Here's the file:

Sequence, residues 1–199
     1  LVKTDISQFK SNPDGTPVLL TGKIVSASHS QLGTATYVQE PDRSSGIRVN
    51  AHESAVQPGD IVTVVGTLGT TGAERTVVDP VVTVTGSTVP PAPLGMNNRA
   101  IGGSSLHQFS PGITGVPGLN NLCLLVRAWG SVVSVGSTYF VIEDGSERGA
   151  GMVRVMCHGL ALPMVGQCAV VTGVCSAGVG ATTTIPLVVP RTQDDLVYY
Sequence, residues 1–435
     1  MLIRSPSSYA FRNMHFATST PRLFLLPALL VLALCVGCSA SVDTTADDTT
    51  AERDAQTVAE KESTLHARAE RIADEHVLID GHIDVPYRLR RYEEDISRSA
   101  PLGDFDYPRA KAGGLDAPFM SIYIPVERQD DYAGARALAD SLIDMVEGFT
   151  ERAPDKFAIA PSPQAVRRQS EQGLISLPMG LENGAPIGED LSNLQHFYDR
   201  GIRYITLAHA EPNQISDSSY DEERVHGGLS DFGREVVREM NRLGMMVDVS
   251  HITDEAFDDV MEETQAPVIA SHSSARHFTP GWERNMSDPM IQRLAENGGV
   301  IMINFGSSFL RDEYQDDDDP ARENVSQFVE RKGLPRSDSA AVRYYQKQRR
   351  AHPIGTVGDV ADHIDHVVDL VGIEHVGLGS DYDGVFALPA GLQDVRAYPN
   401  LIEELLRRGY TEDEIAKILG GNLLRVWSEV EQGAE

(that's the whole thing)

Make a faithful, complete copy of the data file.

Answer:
Sequence, residues 1–199
     1  LVKTDISQFK SNPDGTPVLL TGKIVSASHS QLGTATYVQE PDRSSGIRVN
    51  AHESAVQPGD IVTVVGTLGT TGAERTVVDP VVTVTGSTVP PAPLGMNNRA
   101  IGGSSLHQFS PGITGVPGLN NLCLLVRAWG SVVSVGSTYF VIEDGSERGA
   151  GMVRVMCHGL ALPMVGQCAV VTGVCSAGVG ATTTIPLVVP RTQDDLVYY
Sequence, residues 1–435
     1  MLIRSPSSYA FRNMHFATST PRLFLLPALL VLALCVGCSA SVDTTADDTT
    51  AERDAQTVAE KESTLHARAE RIADEHVLID GHIDVPYRLR RYEEDISRSA
   101  PLGDFDYPRA KAGGLDAPFM SIYIPVERQD DYAGARALAD SLIDMVEGFT
   151  ERAPDKFAIA PSPQAVRRQS EQGLISLPMG LENGAPIGED LSNLQHFYDR
   201  GIRYITLAHA EPNQISDSSY DEERVHGGLS DFGREVVREM NRLGMMVDVS
   251  HITDEAFDDV MEETQAPVIA SHSSARHFTP GWERNMSDPM IQRLAENGGV
   301  IMINFGSSFL RDEYQDDDDP ARENVSQFVE RKGLPRSDSA AVRYYQKQRR
   351  AHPIGTVGDV ADHIDHVVDL VGIEHVGLGS DYDGVFALPA GLQDVRAYPN
   401  LIEELLRRGY TEDEIAKILG GNLLRVWSEV EQGAE